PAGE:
“I connected a lot with my character,” Hockey said. “We both struggled with queer identities in high school and had to try and figure out how to navigate that within the constraints of a heteronormative society.”

By taking on the role of people similar to themselves, the cast invested energy into the meaning of self-expression and explored their characters with an intimate, natural flare. “I’d say this was the most personal role I’ve ever played. I’ve been murderers and priests and soldiers but it was truly liberating and an absolute joy just to play a nerd like myself,” said Jonathan Kay (COL ’21), who portrays Chuck.

One unique aspect of the show is the fight choreography, which expands the boundaries of theatrical performance. Live action and visual effects work in tandem, incorporating physical weapons such as swords and fantastical elements like Tilly’s magic missile. While action scenes and special effects establish a sense of awe, the show manages to connect with the audience through the nostalgia of youthful imagination and the power of creativity. Finding Tilly’s friends and playing make-believe, Agnes reaches back to a part of herself that she neglected in the adult world.

Director Zackary Rettig (SFS ’19) drew upon his personal experience playing D&D with family friends in the summer between second and third grade. “My first D&D character was a thief named Shakes, named after my father’s Ultima Online character,” Rettig said. “It was not long before I was being swallowed alive by a giant frog while the rest of the party desperately beat the amphibian beast through choking laughter. It was awesome.”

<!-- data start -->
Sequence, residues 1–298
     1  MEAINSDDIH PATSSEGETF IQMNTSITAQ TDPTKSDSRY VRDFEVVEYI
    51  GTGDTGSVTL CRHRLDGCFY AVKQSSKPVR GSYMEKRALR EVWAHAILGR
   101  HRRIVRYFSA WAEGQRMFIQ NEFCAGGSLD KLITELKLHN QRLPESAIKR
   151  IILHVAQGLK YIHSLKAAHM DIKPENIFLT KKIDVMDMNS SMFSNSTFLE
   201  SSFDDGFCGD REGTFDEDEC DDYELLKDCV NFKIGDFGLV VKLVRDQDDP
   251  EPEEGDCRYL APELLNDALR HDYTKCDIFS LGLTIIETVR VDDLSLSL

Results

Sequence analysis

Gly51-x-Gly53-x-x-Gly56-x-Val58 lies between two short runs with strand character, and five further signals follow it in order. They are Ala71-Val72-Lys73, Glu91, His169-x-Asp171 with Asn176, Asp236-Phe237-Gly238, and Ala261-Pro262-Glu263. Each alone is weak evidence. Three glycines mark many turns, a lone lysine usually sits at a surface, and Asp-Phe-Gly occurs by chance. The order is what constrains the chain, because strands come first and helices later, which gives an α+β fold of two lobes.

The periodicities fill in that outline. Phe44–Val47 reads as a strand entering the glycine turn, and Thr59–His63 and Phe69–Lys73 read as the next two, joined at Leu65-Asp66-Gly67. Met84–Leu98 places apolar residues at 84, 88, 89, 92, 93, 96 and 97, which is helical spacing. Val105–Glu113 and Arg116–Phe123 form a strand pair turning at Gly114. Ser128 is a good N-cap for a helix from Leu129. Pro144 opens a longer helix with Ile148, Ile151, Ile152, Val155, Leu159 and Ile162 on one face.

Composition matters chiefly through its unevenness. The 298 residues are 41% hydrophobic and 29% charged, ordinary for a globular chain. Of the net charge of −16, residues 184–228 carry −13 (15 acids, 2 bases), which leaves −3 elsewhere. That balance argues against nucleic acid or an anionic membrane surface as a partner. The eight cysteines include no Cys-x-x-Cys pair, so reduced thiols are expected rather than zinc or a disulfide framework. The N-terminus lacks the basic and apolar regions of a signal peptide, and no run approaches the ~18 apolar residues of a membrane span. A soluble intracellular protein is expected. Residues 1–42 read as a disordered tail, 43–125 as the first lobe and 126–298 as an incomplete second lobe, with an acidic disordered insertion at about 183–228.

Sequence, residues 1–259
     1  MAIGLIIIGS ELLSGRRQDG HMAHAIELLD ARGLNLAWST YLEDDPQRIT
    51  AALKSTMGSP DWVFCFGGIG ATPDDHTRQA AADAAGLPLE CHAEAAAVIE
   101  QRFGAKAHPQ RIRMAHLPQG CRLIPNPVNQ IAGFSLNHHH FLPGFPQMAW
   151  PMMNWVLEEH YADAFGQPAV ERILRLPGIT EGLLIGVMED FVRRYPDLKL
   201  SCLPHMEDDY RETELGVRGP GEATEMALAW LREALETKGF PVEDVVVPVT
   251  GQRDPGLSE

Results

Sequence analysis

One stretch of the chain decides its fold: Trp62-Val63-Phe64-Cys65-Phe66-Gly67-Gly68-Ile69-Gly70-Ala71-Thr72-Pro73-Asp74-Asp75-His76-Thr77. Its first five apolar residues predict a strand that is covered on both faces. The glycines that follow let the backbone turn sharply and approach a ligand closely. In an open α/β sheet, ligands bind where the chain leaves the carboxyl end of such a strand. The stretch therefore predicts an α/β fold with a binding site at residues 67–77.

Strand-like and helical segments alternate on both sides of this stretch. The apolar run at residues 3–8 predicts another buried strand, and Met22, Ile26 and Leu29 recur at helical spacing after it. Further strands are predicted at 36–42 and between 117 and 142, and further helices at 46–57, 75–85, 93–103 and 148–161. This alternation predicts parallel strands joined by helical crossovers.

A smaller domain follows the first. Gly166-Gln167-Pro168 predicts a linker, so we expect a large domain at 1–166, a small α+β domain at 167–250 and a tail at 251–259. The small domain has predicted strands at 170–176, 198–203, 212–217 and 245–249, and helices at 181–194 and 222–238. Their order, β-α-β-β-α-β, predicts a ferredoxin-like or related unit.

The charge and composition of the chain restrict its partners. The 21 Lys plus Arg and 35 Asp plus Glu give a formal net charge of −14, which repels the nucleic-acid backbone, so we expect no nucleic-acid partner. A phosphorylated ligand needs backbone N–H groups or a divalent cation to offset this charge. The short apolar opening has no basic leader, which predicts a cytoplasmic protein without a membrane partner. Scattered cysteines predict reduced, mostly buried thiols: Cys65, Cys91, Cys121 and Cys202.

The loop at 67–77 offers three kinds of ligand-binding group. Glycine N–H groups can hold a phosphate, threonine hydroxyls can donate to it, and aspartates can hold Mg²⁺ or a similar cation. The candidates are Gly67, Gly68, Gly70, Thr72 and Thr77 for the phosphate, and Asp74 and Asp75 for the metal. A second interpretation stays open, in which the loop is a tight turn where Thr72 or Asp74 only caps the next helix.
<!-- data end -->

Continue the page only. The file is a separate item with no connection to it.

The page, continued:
In a campus facilitating dialogue on diversity and inclusion, this production explores the intersectionality of identities and how it affects the way one perceives and interacts with others. For example, Agnes is initially surprised upon an encounter with Kaliope, Kelly’s in-game avatar. Kaliope is masterful at combat, whereas in real life, Kelly uses a wheelchair.

Because of Tilly’s timid and tomboyish nature, her identity was also reduced and unrecognized by restrictive societal norms. Not only was she bullied by cheerleaders for being a lesbian, but even her sister Agnes assumed that Tilly would grow out of this geeky stage and talk about “normal” things like boys, TV shows, makeup, and clothes.

“At the end of the day, She Kills Monsters is all about reaching out and accepting those of us that don’t fit the mainstream mold of society,” producer Morgan Doyle (COL ’19) said. “We picked this show because we thought that this narrative was so important for a Georgetown audience to see.”

Everyone has their own battles to fight, and She Kills Monsters encourages the audience to fight them with valor, passion, and resilience. Instead of running away from problems, Tilly chose to face them in her fantasy world, where she could freely be herself. “One of the most enduring messages that this show has taught me is: To heck with it, do what you love,” Rettig wrote in a press release to the Voice. “Being comfortable in yourself and being surrounded by those who love and support you is (poetically) better than any sword or shield could ever provide.”